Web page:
10/ Isabelle Adjani

11/ Julie Christie

12/ Gena Rowlands

13/ Jeanne Moreau

14/ Margit Carstensen

15/ Hanna Schygulla

16/ Liv Ullmann

17/ Gloria Swanson

18/ Katherine Hepburn

19/ Anna Karina

20/ Stephane Audran
I'll tag:

Thursday, 11 December 2008


Major surprise yesterday, as a Blu-Ray player turned up at our place. The missus had worked her magic once again in a competition. While the player is an entry-level model, we count ourselves extremely lucky to own one. Of course, we have no Blu-Ray discs to play but are able to take advantage of Lovefilm's excellent rental service and have amended our 'wants list' to a stack of Blu discs. Looking forward to future rents, including BLACK NARCISSUS, THE DARK KNIGHT, THE SEVENTH SEAL and HALLOWEEN to name but a few.

Sunday, 7 December 2008


18th August, 1979. I'd started going to gigs a couple of years earlier, taking in concerts by the likes of Budgie, Curved Air and Man before moving onto Punk. Although my earliest gigs were confined to Derby - my nearest location for live music - the bright lights of London quickly beckoned and would prove to be an irresistible force over the coming years. One gig in particular took my eye in 1979, and I just knew I had to be present. The NME announced details of a very special gig to be staged at the world famous Wembley Stadium, headlined by The Who with The Stranglers, AC/DC and Nils Lofgren making up a great bill. I'd been to Wembley for football games on two occasions prior to this and loved the atmosphere of the place, even though facilities left a lot to be desired. So, I left home early doors on a bright August morning, arriving at the ground shortly after midday. With a sell-out crowd of some 83,000 still settling in their seats, Nils Lofgren took to the stage, and delivered an enjoyable set, punctuated by a few somersaults which were well received. While I felt his set would have been better suited to more intimate venues, his music made for an enjoyable opening.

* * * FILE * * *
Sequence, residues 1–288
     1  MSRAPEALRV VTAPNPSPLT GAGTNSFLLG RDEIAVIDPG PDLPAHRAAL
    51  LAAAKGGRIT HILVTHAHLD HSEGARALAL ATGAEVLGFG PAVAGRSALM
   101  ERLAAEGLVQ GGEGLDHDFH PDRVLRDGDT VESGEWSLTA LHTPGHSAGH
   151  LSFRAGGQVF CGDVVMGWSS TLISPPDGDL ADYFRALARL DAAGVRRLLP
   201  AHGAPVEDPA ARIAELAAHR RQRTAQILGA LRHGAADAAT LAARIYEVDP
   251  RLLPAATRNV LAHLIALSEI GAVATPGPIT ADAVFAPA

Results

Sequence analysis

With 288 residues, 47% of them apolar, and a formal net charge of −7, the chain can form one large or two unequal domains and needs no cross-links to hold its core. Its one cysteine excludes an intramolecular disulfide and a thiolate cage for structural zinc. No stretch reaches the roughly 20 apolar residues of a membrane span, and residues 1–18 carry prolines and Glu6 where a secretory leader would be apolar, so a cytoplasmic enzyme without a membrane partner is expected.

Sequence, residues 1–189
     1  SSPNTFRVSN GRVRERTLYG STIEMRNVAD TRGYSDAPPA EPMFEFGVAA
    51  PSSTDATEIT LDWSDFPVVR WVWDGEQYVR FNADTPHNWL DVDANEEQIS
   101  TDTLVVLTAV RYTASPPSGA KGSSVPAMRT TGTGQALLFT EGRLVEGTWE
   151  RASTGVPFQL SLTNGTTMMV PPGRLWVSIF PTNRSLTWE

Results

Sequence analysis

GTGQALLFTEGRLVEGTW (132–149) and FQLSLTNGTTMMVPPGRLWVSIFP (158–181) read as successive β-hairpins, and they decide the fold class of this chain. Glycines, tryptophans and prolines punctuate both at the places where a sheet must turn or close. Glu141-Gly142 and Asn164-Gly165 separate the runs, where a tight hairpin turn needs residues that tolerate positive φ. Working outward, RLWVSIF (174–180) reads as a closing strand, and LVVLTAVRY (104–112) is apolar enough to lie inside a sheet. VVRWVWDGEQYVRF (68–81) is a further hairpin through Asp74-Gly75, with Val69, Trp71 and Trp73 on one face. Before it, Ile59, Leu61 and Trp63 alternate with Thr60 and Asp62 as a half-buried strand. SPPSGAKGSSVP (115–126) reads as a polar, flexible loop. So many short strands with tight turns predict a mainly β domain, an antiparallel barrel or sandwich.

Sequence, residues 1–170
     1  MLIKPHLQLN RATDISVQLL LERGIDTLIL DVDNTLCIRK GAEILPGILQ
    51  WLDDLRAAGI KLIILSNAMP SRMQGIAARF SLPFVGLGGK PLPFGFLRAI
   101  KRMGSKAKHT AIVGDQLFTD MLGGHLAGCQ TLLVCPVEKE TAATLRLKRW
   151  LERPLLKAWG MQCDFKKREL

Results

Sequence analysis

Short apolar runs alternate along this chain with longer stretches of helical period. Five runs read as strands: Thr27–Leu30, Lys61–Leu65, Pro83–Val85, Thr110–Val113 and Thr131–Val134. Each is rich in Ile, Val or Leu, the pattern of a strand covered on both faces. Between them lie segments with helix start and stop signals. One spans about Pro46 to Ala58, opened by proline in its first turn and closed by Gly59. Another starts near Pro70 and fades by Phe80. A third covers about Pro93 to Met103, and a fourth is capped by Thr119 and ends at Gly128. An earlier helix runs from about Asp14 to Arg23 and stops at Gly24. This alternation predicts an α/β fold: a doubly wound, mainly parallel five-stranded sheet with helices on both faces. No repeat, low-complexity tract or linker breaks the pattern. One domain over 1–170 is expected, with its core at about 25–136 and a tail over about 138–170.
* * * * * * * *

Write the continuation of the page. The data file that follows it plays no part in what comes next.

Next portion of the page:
After a surprisingly short wait, AC/DC took the stage. I'd seen them a couple of times live in Derby prior to this gig, and missed their first few numbers in search of liquid refreshment to combat the stifling heat; conditions which had seen a few casualties amongst the crowd. As usual, the boys were on form, treating us to classics such as 'The Jack' and 'Highway To Hell', while battling against a temperamental PA system. Angus even did the old walkabout which was always a real crowd pleaser.

Next up, The Stranglers. Again, I'd caught them live on several occasions before this gig, and felt badly let down by the end of their Wembley stint. By all means showcase songs from your latest album, but playing the damn thing in practically its entirety was, in my view, taking the piss. Where were all the classics? Very punk, no encore.

Ah well, time for another pint and then grab a nice vantage point in the stands. By now, the crowd very getting very rowdy in readiness for The Main Event. This was the first really big concert from The Who since Keith Moon's tragic death, just under one year earlier. With Kenny Jones (ex-Faces) taking this vacated seat, how would The Who perform at a venue that Pete Townshend really didn't care for? Darkness falls, the stadium lights go out and at last, The Who take the stage. One minute later, searchlights are darting around the stadium and Pete and his boys launch into 'Substitute'. 83,000 people launch into a mass of pogoing, feeling the power like a kick in the balls. This is what we came for! Singalongawho, with everyone spitting out the lyrics and punching the air in a musical religious experience. 'I Can't Explain', 'Behind Blue Eyes', Baba O'Riley (with the line "IT'S ONLY TEENAGE WASTELAND" sung loudly enough to be heard all over the world), 'See Me Feel Me' and 'My Generation ("Why don't you all f-f-f-fuck off") were all present and correct, leading up to Pete smashing seven shades of shit out of his guitar. That night, we were the UK urchins choir, paying homage to a great band in the year Franc Roddam's QUADROPHENIA was released. These were exciting times, and this most special concert was my own personal highlight of the year. God Bless The Who!

Friday, 5 December 2008


Watched EXORCIST III earlier today as preparation for a post on Brad Dourif's performance, and thought it would be an idea to canvass opinion as to the current running order of the best and worst of the series. So, please take time to cast your vote(s).


Continuing my weekly look at some of the excellent work being done on the many blogs out there. This time, please head over to the I SPIT ON YOUR TASTE blog where you'll find a comprehensive look at the Italian film TO BE TWENTY aka BEING TWENTY
As Nigel indicates, this is a work in progress so I hope you'll continue to check it out during the course of this month.


Thanks to everyone who voted in my poll regarding the best incarnation of James Bond.

The results are:

Sean Connery 38%

George Lazenby 11%

Roger Moore 17%

Timothy Dalton 2%

Pierce Brosnan 5%

Daniel Craig 23%

As expected, Connery took top spot, but nice to see Daniel Craig making such an impact, two films into his 007 career.